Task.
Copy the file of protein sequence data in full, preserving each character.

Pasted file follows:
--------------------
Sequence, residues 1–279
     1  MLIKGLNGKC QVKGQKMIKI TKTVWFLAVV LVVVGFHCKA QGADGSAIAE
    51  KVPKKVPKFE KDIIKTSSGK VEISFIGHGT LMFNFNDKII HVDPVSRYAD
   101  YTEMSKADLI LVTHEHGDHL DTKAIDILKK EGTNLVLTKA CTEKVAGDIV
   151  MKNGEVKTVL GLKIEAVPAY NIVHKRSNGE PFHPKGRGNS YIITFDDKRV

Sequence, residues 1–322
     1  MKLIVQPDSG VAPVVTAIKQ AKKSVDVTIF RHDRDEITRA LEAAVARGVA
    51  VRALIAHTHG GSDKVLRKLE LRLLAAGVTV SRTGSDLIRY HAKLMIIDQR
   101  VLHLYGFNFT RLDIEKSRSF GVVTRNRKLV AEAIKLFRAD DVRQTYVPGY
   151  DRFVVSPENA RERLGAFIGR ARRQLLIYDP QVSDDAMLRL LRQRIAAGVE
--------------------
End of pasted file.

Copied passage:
Sequence, residues 1–279
     1  MLIKGLNGKC QVKGQKMIKI TKTVWFLAVV LVVVGFHCKA QGADGSAIAE
    51  KVPKKVPKFE KDIIKTSSGK VEISFIGHGT LMFNFNDKII HVDPVSRYAD
   101  YTEMSKADLI LVTHEHGDHL DTKAIDILKK EGTNLVLTKA CTEKVAGDIV
   151  MKNGEVKTVL GLKIEAVPAY NIVHKRSNGE PFHPKGRGNS YIITFDDKRV

Sequence, residues 1–322
     1  MKLIVQPDSG VAPVVTAIKQ AKKSVDVTIF RHDRDEITRA LEAAVARGVA
    51  VRALIAHTHG GSDKVLRKLE LRLLAAGVTV SRTGSDLIRY HAKLMIIDQR
   101  VLHLYGFNFT RLDIEKSRSF GVVTRNRKLV AEAIKLFRAD DVRQTYVPGY
   151  DRFVVSPENA RERLGAFIGR ARRQLLIYDP QVSDDAMLRL LRQRIAAGVE